A Ballet Des Moines dancer expresses how we can only see one side of the moon because it is tidally locked to the Earth.
Writer: Michael Morain
Photographer: Jami Milne
Beau Kenyon was just 5 or 6 years old when he saw “E.T.” but he still remembers how it changed the way he looked at the stars.
“You have those moments when everything just feels so overwhelming,” he says, “when you feel both very large and very small at the same time.”
Now, after three dozen more laps around the sun, the Des Moines-based composer wants to recapture and share that sense of awe through a new ballet, “Of Gravity and Light.” The ambitious, full-length show from Ballet Des Moines pairs his music with choreography by the company’s new artistic director, Tom Mattingly, in a way they hope will both inspire and inform when it premieres April 22 at the Des Moines Civic Center.
With help from NASA’s Iowa Space Grant Consortium, Iowa State University and Iowa PBS, the ballet company is supplementing the show with a seventh grade science curriculum that uses dance and music to help students understand the solar system and the forces that hold it together. Human bodies will demonstrate how heavenly bodies orbit, rotate, revolve and eclipse one another.
That may sound like a stretch, but consider this: “If you spin around with another person and then let go, that’s a physics lesson,” says Blaire Massa, the company’s chief executive officer. “You can actually understand some things much better by moving.”
She notes that “dancers are great at parties. If they’re telling a story, they’re very likely to be lying on the floor or jumping up and down. Sometimes that’s just the easiest way to illustrate a point.”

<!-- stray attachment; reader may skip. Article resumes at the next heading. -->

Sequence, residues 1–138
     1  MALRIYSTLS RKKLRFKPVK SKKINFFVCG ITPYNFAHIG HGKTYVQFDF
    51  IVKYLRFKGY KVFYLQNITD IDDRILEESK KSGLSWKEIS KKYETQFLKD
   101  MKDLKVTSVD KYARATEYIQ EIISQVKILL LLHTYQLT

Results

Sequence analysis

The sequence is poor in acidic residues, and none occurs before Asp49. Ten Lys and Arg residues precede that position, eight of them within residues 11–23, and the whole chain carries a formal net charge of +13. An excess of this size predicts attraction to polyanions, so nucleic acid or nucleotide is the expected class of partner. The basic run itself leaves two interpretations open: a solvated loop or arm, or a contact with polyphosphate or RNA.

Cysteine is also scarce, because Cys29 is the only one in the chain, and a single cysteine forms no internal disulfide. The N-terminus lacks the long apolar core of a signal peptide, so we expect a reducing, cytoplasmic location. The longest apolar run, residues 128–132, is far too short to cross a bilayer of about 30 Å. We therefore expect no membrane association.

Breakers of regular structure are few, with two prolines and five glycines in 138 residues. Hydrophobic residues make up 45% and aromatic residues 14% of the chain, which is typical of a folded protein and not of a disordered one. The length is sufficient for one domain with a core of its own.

“Of Gravity and Light” will illustrate its literally universal points with eight of the company’s professional dancers in costumes by local designer Sarah Dornink, video projections by the Boston-based artist Yu-Wen Wu, and music performed by a local nine-piece orchestra and the Des Moines Vocal Arts Ensemble.
Music and Sound Effects
The show starts with an overture, “Light + Gravity,” followed by two acts, “Moon + Earth” and “Sun + Solar System.” Along the way, the score calls for several amplified sound effects—the turn of a page, the strike of a match—and takes most of its structural cues from science. An eight-part fugue, for example, illustrates the eight phases of the moon, awash in harmonic overtones that ebb and flow like the tides.
Other composers have pulled ideas out of the heavens before. Vivaldi’s “Four Seasons” spins on the Earth’s axis, and Ponchielli’s “Dance of the Hours” (which hippos immortalized in Disney’s “Fantasia”) traces the sun’s daily path across the sky. Gustav Holst wove myths into “The Planets,” and John Williams called his soaring “E.T.” theme “Three Million Light Years From Home.”
When Kenyon was a boy, his dad used to play Debussy’s “Clair de Lune” on the piano before bedtime, and echoes of it drift into the new ballet. “I’m more sentimental than I sometimes think I am,” Kenyon says.
“Of Gravity and Light” started with a big bang early last year, when Kenyon and Massa were tossing around ideas for a new work and realized they’d both been thinking about space.
The project was one reason Mattingly joined Ballet Des Moines last fall and a part of the company’s push to offer more contemporary fare. Audiences have thrilled to new works like “kiss,” which the company staged in October, but it’s a challenge to sustain that enthusiasm year-round.
Company leaders hope to meet that challenge with steady growth—there are now 10 resident dancers—and the kind of outreach programs that emerged during the pandemic. The company’s 2020 partnership with Iowa PBS to broadcast “Peter and the Wolf,” with behind-the-scenes interviews and educational materials, served as a model for this new project.